On the right is November 1 and on the left is December 1. So finally I have something that resembles respectable beard growth. I’ll be continuing to grow most of this out for a while, but I did give up on the under beard for now:
Starting to get some actual triangle shape (finally)
Still lacking in the “totally ripped abs” department, but making steps.
So I’m at this weird point in my transition. I’m being read as male 100% of the time. Some people still have trouble with my pronouns – especially some of the older people in my life, but I can really see they’re making an effort. I recently found out that my coworkers have been correcting my boss when he messes up. He even went out of his way to apologize to me even though I hadn’t actually heard him mess up, so that was nice. People who don’t know (or found out after they’d assumed I was cisgender male) have no trouble with my pronouns. Some people have even told me that they had completely forgotten I was trans. Melissa went to a baby shower the other day for her cousin and her aunt joked that we should be next having babies and asked when we were going to get started on that. She had completely forgotten that biological children aren’t one of those things that will come naturally to us like they will to some.
So I’m sure you’re probably trying to figure out why this is weird to me. Well the truth is, the more I’m read as male, the more uncomfortable I feel in my current body. That’s not to say that I don’t feel that I’m male. But I can’t help but notice my chest more and more every day. Before I started transitioning, having breasts was just one of those things that went with being a girl. They, like periods, were annoying, unfortunate and frustrating, but normal. Every girl had them and that was just how it was. Now, they’re just reminding me more and more of the past. They hang out there (literally) and remind me that I can’t take my shirt off in the locker room. So I have a top surgery consultation in 2 weeks with Dr. Leis in Philadelphia. He’s had the cheapest price quote (by far) and is only about 45 minutes from home. I’ve scheduled a week off work in March and, if all goes well, I’ll be scheduling my surgery for mid-March with the week off for the worst of the recovery process. I work a desk job, so there isn’t much “strenuous” to do at work to take off more than that and I have a fairly high pain tolerance anyway.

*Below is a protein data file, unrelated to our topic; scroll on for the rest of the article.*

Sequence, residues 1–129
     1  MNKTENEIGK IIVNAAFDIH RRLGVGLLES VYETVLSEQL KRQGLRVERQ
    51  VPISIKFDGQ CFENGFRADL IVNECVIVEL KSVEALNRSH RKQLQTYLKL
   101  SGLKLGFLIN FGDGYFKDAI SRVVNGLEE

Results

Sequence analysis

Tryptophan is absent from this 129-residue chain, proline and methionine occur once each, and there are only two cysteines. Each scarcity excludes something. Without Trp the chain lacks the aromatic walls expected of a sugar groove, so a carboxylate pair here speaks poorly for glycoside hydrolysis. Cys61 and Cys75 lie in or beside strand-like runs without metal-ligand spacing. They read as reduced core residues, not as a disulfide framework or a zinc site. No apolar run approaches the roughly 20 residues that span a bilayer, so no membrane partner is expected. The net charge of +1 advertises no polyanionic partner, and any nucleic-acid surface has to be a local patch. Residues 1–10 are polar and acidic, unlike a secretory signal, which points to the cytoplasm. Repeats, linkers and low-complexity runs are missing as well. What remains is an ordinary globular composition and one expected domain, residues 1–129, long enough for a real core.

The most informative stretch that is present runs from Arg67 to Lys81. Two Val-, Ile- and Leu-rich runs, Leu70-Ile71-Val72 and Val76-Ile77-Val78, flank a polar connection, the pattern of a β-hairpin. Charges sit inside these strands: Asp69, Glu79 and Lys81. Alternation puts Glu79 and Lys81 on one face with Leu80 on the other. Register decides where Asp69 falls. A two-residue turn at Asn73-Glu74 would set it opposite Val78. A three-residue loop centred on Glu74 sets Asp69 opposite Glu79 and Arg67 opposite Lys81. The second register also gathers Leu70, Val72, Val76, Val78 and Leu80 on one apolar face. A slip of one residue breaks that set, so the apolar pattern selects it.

I think more than anything, the part about this that scares me is knowing that I’ll be out of the gym for 4-6 weeks. I know I’ve said before that the gym is as much mental therapy to me as it is physically good for me. I’m having a hard time convincing myself that it’ll be worth the momentary struggle to feel more comfortable in my skin and better for my long term mental health – like the needles in the thighs have been. Don’t get me wrong – it’s something that I want and I know I want it. But there’s still that tiny, doubtful voice that says that enough T or enough lifting will make them go away. And I know that’s simply not true. It’s a small, fearful, illogical part of me that’s more interested in the instant gratification that the gym gives me than the long-term relief that the surgery will bring. Hopefully I’ll feel a little better about it after the consult.
Hopefully my next post will be a little sooner rather than later, and with some peace of mind and answers. I welcome any advice you all may have about it.
Until Next Time,
Bonus Material: My lovey, but kind of dopey kitten, Kiwi